Living Trust vs. Revocable Trust vs. Revocable Living Trust
When it comes to understanding trusts, it's important to understand that the name of the trust usually doesn't matter. What matters most is what the written trust agreement says.
What is a Trust?
A trust is a legal agreement that has three parties to it: the Trustmaker, the Trustee, and the Beneficiary.
Revocable vs. Irrevocable Trusts
When it comes to understanding trusts, knowing the difference between revocable and irrevocable trusts is crucial. If you ask for a revocable trust and get an irrevocable one, or vice versa, the legal and tax consequences will be significant.
What is a Trustee?
A Trustee is the fiduciary put in charge of overseeing property owned by a trust. A Trustee can either be an individual or an institution such as a bank or trust company.
Testamentary vs. Living Trusts
When you're putting your estate plan together, you'll need to understand the difference between testamentary trusts and living trusts.
What is a Revocable Living Trust?
A Revocable Living Trust is a legal document that is created by an individual, called a Trustmaker, to hold and own the Trustmaker's assets, which are in turn invested and spent for the benefit of the Trustmaker by an individual or institution called the Trustee.
How Does a Revocable Living Trust Avoid Probate?
Another common way to avoid probate is to establish and fund a Revocable Living Trust.
What are the Benefits of a Revocable Living Trust?
When it comes to deciding whether or not you should set up a Revocable Living Trust as part of your estate plan, you'll need to understand the three main benefits that a Revocable Living Trust offers over a Last Will and Testament.
Pros and Cons of Revocable Living Trusts
When considering whether or not to include a Revocable Living Trust as part of your estate plan, you'll need to understand the pros and cons of using a trust instead of just a Last Will and Testament.
Revocable Trust Myths
Throughout my years practicing as an estate planning attorney, I've run across some common misconceptions that people have about Revocable Living Trusts. Learn what these common myths are and if you've fallen for any of them.
Can a Creditor Take Assets Held in Your Revocable Living Trust?
Does transferring your assets into a Revocable Living Trust protect them against creditors, lawsuits, and divorce? The answer to this question is a resounding NO - a Revocable Living Trust offers absolutely no asset protection for your property. Find out why.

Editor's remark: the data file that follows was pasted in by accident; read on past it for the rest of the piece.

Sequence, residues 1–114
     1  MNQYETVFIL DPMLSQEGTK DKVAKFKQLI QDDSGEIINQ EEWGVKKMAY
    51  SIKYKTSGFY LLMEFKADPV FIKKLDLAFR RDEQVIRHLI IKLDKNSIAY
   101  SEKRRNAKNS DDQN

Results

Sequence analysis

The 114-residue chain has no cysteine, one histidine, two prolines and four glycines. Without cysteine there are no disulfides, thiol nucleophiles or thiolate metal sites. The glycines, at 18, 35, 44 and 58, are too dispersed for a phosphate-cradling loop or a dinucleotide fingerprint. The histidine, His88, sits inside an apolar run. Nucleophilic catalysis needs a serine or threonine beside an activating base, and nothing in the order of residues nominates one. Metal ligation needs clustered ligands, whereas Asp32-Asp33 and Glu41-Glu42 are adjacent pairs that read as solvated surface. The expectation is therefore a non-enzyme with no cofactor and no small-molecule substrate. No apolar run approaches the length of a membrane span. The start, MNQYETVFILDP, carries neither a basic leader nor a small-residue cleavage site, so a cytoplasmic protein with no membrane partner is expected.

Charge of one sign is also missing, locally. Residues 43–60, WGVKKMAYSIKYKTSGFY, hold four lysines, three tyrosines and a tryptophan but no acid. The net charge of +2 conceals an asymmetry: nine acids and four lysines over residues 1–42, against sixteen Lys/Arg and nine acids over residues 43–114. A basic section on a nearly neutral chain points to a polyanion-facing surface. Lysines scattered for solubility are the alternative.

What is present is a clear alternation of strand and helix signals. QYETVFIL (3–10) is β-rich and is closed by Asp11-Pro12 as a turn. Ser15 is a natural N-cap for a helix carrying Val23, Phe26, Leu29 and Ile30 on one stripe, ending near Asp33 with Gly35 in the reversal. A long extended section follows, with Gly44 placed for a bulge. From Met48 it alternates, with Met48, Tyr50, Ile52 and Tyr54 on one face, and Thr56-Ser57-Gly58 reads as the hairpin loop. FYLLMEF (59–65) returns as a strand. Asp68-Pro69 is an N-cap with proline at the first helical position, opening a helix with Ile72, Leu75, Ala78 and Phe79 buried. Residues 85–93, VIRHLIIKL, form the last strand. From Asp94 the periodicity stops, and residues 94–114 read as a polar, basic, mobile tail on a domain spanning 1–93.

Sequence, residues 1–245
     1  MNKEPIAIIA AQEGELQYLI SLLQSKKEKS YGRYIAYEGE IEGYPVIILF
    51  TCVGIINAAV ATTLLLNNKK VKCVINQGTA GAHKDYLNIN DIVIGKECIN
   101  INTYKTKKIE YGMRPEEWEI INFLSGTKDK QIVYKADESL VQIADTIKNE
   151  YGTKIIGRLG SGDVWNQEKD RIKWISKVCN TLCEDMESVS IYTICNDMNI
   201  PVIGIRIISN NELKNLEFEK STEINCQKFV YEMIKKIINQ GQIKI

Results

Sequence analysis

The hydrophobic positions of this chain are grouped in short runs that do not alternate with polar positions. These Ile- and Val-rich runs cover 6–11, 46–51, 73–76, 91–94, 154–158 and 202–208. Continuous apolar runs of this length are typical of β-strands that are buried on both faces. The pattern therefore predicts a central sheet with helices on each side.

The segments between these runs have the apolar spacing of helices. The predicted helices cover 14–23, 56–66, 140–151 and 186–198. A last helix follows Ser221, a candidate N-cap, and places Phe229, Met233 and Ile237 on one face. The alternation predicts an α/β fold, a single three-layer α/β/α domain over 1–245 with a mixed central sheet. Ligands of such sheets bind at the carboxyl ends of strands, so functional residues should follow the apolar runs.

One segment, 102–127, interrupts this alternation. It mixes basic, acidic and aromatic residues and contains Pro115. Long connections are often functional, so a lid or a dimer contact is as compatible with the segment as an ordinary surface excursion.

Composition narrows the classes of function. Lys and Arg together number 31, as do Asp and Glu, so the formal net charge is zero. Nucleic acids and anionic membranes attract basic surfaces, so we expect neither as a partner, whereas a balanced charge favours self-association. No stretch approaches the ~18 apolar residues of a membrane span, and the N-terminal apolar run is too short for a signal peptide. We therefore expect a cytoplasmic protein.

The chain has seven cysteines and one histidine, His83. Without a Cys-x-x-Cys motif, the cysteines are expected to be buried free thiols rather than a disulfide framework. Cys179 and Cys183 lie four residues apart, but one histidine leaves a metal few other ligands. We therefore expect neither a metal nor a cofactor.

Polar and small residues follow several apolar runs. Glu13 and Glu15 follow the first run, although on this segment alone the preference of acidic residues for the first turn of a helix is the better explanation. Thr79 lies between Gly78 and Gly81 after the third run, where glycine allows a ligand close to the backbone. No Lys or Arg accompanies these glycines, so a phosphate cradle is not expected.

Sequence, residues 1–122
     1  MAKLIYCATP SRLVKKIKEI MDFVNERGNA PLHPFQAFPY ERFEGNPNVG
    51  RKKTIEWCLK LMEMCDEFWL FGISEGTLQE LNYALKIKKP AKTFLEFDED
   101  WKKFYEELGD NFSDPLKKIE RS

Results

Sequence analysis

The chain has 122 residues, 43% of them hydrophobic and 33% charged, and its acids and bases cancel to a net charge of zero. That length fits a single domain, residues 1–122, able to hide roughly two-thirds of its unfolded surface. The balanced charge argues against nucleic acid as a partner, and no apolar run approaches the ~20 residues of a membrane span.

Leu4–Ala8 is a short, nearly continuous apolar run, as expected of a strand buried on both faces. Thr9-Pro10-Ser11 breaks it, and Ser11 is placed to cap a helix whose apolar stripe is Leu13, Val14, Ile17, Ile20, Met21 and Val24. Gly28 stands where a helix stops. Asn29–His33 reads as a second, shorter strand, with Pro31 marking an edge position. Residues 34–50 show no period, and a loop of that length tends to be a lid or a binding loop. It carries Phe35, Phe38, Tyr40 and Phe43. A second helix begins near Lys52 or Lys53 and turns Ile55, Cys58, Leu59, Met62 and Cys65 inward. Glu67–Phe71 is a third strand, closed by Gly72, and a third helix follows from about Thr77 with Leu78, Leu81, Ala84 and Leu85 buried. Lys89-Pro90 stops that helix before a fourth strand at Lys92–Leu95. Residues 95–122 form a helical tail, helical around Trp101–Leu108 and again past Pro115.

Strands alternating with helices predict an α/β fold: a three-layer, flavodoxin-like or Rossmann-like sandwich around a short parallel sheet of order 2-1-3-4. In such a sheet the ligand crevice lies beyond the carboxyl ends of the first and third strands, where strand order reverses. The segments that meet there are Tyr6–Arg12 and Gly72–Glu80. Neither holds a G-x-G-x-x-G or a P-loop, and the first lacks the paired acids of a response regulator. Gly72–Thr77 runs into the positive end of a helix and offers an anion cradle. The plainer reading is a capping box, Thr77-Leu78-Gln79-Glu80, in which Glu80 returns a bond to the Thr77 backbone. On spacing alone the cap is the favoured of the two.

What is an Irrevocable Trust?
An Irrevocable Trust is one that by its design can't be amended, modified, changed or revoked. In other words, once an Irrevocable Trust has been created, the written terms of the trust agreement are generally written in stone and can't be tweaked for any reason in the future.
What Does a Disability Trustee Do During Incapacity?
In setting up your Revocable Living Trust, you'll be asked to name a Disability Trustee to administer your trust in the event you become mentally incapacitated. Learn what a Disability Trustee is required to do when administering your trust during your incapacity.
What Does a Successor Trustee Do After the Trustmaker Dies?
In setting up your Revocable Living Trust, you'll be asked to name a Successor or Administrative Trustee to administer your trust after you die. Learn what a Successor Trustee is required to do when settling your trust after you die.
Who Gets a Copy of a Trust After the Trustmaker Dies?
When someone dies, you've probably seen in the movies or on TV or read in a book about "the reading of the Will." Unfortunately, this is purely a theatrical device designed to create drama in a fictional story - today there's no legal requirement that a Will or a Revocable Living Trust be read to anyone. Instead, the trust attorney has to determine who should be sent a copy of the trust agreement.
How Long Will it Take to Settle a Trust After the Trustmaker Dies?
How long it will take to settle a Revocable Living Trust after the Trustmaker dies depends on many factors.
How Much Does a Successor Trustee Get Paid?
If you've been appointed to serve as the Successor Trustee of a Revocable Living Trust after the Trustmaker has died, then in most cases you'll be entitled to get paid for the services you provide on behalf of the trust. How much you'll get paid and when you'll receive it depends on many factors.
How Much Does it Cost to Settle a Trust After the Trustmaker Dies?
A common misconception about Revocable Living Trusts is that there's little or no cost involved in settling the trust after the Trustmaker dies. This is absolutely not true. While the overall cost of settling a Revocable Living Trust should be less than settling an estate through the probate court, there's plenty of fees involved in settling a trust. Learn what they are.
Do You Need to Hire an Attorney to Settle a Revocable Living Trust?
Many people believe that if they have a revocable living trust, then the process of settling their final affairs will be simple and won't require the assistance of an attorney. Here you will find a list of things to consider when determining if an attorney will be required to assist with settling a trust.
Step by Step Guide - How to Settle a Revocable Living Trust